Cine Gear: ICG President Steven Poster Says You Can Get 'Better, Faster, Cheaper'

Better, faster, cheaper--pick two. This is a commonly used phrase in production circles, but International Cinematographers Guild president and director of photography Steven Poster believes this is changing. “We are now at a unique moment where you can have all three,“ he asserted. “We can do it faster, cheaper and better."

Poster was speaking of the range of available workflows, during an ICG panel Saturday at Cine Gear Expo. “The tools have taken leaps forward,” he said. “Processing power and software have risen to the point where we can do it on set and save money—and let the director of photography [maintain control of the images]. It should be transparent to the DP and director—to allow us to do the art that we do.”

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Panelist Jeffrey Jur, director of photography on Dexter, emphasized that he finds the DIT “essential” to the on-set team. “The DIT is an ally in the look,” he said. “We design it on set and it is being carried through to postproduciton.  Everything goes through [Dexter DIT Kevin Britton] based on what we talked about.”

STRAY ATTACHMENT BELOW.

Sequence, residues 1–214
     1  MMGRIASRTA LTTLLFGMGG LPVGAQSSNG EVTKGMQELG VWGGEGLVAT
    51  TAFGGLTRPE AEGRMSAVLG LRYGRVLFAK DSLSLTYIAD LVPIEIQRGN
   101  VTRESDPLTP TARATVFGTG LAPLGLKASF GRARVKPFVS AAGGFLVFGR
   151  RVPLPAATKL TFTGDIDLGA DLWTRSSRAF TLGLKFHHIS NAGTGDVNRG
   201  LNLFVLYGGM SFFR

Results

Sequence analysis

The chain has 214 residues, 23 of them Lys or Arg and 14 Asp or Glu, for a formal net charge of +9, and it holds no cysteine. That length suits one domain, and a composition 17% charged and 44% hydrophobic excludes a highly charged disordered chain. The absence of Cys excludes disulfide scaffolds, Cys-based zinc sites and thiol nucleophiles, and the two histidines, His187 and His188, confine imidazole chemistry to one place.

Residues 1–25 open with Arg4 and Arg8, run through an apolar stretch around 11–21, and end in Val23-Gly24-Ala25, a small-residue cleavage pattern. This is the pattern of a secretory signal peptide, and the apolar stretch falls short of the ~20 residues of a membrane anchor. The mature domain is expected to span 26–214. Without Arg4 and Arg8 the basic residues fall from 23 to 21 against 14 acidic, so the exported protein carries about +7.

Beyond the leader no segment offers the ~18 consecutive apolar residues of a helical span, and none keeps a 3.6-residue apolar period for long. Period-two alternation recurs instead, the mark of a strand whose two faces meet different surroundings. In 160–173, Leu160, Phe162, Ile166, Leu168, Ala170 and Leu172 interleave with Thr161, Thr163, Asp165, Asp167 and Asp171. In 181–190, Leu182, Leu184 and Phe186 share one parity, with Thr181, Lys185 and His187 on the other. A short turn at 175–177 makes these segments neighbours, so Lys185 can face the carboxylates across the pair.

The components of the Dexter workflow include shooting Raw with the Alexa, recording to Pro Res, and usig Technicolor’s DP Lights for on set color grading. “It’s about creating consistency—what we see on set translates to post,” he said.

Brandon Trost, director of photography on Townies, and Kevin Stanley, DIT on the production, were also on hand to discuss their work. Shanley claimed that a production could save $50,000-$60,000 on an eight week shoot with a well-planned on-set workflow.

“There is a reason for producers to be excited about these workflows being available on set,” he said, citing as an example that a DIT can check work and make duplicates [of the footage] on set, freeing up the cards on which the footage is recorded. “We are now comfortable to wipe those cards [on set and re-use them]. We could cut the number of cards that we need on set in half. That’s a flat out savings.”

Poster related that he believes the Holy Grail to workflow is an end to end color management system. “We haven’t achieved it yet, but ACES (the developing Academy Color Encoding Specification) will allow use to ‘normalize’ the process and convey the most information."